Results

Initial studies investigated the efficacy of the “Tet-off” system and determined SSAT enzyme activity in both SSAT and SSAT + cells over time. Activity in SSAT + cells was about 10-18 fold higher than that in SSAT cells and increased in a time-dependent manner (Fig. 1). SSAT activity in SSAT cells remained low throughout (Fig. 1). Thereby, confirming that SSAT activity can be altered by using the “Tet-off” system. Western blot and qPCR confirmed increased protein and mRNA in the SSAT + cells (results not shown). The activity in the SSAT cells was lower than the equivalent wild type LNCaP cells (results not shown). Increased SSAT expression altered the growth of the cells with increased SSAT activity inhibiting cell growth (Fig. 2) and prolonging the generation time (Table 1). The activity of the main polyamine biosynthetic enzyme, ornithine decarboxylase (ODC), was also increased dramatically in SSAT + cells (Table 2A).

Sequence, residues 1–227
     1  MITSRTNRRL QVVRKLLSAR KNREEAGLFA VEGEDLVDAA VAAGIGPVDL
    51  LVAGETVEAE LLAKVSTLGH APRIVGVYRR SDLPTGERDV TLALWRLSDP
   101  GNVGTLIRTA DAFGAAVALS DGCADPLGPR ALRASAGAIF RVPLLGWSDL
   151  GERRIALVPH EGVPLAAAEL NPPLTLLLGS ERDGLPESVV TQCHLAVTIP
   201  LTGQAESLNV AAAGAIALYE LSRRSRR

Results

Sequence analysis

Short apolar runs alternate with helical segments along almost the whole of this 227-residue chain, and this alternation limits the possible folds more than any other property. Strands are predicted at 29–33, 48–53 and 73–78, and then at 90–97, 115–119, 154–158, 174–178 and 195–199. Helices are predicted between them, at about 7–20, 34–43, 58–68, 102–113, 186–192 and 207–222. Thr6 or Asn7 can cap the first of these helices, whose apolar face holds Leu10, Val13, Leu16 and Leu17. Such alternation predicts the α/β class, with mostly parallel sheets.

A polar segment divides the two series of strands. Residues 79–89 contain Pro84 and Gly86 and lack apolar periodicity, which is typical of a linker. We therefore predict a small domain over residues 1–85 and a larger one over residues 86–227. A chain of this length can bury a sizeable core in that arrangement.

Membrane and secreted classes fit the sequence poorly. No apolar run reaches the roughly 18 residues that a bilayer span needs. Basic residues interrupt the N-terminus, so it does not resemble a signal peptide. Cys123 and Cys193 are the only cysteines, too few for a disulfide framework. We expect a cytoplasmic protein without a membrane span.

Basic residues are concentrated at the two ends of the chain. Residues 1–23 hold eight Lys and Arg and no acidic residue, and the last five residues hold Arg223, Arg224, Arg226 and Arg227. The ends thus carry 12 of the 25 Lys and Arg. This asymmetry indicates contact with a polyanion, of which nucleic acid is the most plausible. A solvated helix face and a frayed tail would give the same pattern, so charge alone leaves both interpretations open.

Fig. 1

SSAT activity in induced and non-induced LNG53 cells. Cells were seeded at a density of 2.4 × 104/cm2 in 60 mm cell culture dish in duplicate. Cells were harvested at 24 h intervals. Media were replaced with fresh media at 24, 72 h. Results shown are mean ± SEM (n = 3, with 4 replicate per experiment). Statistical analysis was performed by two-way ANOVA with Bonferroni post-test. ***p < 0.001

Fig. 2

Growth of induced (SSAT+) and non-induced (SSAT) cells. Cells were seeded at a density of 2.4 × 104/cm2 in 60 mm cell culture dish in duplicate. Cells were harvested at 24 h intervals and viable cell numbers counted using Trypan blue exclusion assay. Results shown are mean ± SEM (n = 4–16, with 2 replicate per experiment). Statistical analysis was performed by two-way ANOVA using Prism 5. ***p < 0.001

Table 1

Generation time in SSAT and SSAT + cells

Time of culture

48 h

72 h

96 h

Cell type